13. This is an engaging assessment of the misogyny you experienced. Thank you.

    As a non-Christian mother who home-schooled her children briefly, I find it a little alarming that home-schooling is so strongly associated with fundamentalist Christianity. It is a wonderful opportunity for alternative schooling for all sorts of reasons. I was aware that many of the home-schoolers in my area were Christians, but it was not an enclave by any means. My Canadian experience is probably different from the US experience, but I want to give a thumbs up to any parent who does her or his best to educate their children at home. It is a learning experience for the whole family.

  14. We are all born equal. And that’s the problem. It’s not fun being equal. Humans like to compare themselves with each other in order to enjoy their uniqueness. That’s where complexes creep in. Superior to others. Inferior to others. And not just this, EVERYBODY similar to me should feel the same way as me!
    Shucks.
    To break the shackles of the human mind is so difficult.
    I think only meditation and introspection can work. A determination to be sensitive and understanding. To not be judgemental as well as be strong. To respect others and not let anyone disrespect us.

  15. I want to pursue a branch in my studies which is very male dominated , so i get so many typical looks when i talk about taking up such a branch. But i dont want to backdown and your post shows so much of what ur females out there are going through. You are brave to have come so far. We shall never bow down to the old ways .

  16. I really appreciate your positive approach on this topic. Your detailed insight on this topic, makes your blog time worthy and pertinent.

  17. I wish you all the best. Thanks for sharing..
    Congrats on being freshly pressed! I created a new page last month called Real Life Natural Wife. I hope you’ll check it out and leave me a comment with your thoughts. Have a great weekend!

  18. You just made me cry. This post was written so well and so true. I know how discrimination can affect our attitude and future . But it is on us to make this discrimination our biggest weakness or to fight and make it as our strongest strength. Beautifully expressed.

  19. Reblogged this on Malawi Ace and commented:
    “If no oneโ€™s ever despised you for your sex, it is difficult to care about sexism because it is necessarily foreign to you.

    Remembering this helps me have mercy on men who donโ€™t think feminism is needed or that women have enough rights already. Most likely, these men have never had anyone oppress them because they were male; the very notion is unfathomable to them. No one has ever told them that, merely because they were born male, they are less intelligent, incapable of leadership, intended to be subservient, or a sex object open to public derision and comment. It is therefore difficult for many men to be empathetic with women on this front.”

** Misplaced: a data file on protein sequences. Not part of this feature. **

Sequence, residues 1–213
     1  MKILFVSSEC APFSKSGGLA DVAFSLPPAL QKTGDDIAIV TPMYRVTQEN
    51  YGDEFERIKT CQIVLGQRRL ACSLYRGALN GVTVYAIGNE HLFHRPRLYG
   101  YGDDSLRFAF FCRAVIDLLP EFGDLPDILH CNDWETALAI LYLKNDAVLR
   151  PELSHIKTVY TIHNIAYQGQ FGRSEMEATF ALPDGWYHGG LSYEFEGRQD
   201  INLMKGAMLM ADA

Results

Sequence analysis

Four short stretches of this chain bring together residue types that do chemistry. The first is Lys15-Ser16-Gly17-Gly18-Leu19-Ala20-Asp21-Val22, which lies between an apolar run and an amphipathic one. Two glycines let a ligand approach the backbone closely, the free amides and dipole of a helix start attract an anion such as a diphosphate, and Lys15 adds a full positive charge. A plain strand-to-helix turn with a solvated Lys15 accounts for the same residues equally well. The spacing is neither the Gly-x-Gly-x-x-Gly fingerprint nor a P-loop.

Sounds very familiar, and I’ve heard a version of this kind of statement countless times, but as regards to race, not gender ( so I know what being maligned for some senseless or stupid reason or other is like).
    But I’m republishing this post here primarily because Malawi is a deeply religious society, and not because I’m a minority living in Britain.

  20. Loved your writing and the way you expresses. I appreciate and fully agree with you. I faced racialism once but I have forgiven those ignorant souls long ago. Hope you come out of shadows as well. Keep doing great work.

  21. I’m from Vietnam and have experienced some gender discrimination in my childhood but it wasn’t as harsh as yours. Luckily there were only the unfair treatment in classes and some gender bias comments from people around me. Now thank to my mother, I’m properly educated and can dive myself in the professional community, where women start to dominate. I feel sorry for many boys and men in my country, they live so comfortable lives, they never try hard and now they are falling behind academically and professionally but still aren’t aware of that. From my experience, I think we, women, should thank for the difficulties that misogyny brought to us, what doesn’t kill us make us stronger.
    On the other hand, in the countryside, where education is limited and the Asian traditions dominate, girls are not as lucky as us. They are experiencing domestic violence, never have a chance to think and do things differently to change their miserable lives, or even don’t realize that is miserable. I think the same happens in many other countries as I read your post, I feel connected. I wish and will do something to help those girls and women. And to be able to do that, I think women who are lucky to get education, should never strop trying to be successful in business and in leadership, so we become more powerful to help others.

  22. I have never experienced this, despite living in India. You are a strong and a dignified lady. And one day i hope we live in a world where there is no gender discrimination.
    I am just 17 years old and i have got a bad english. So sorry if i made any mistake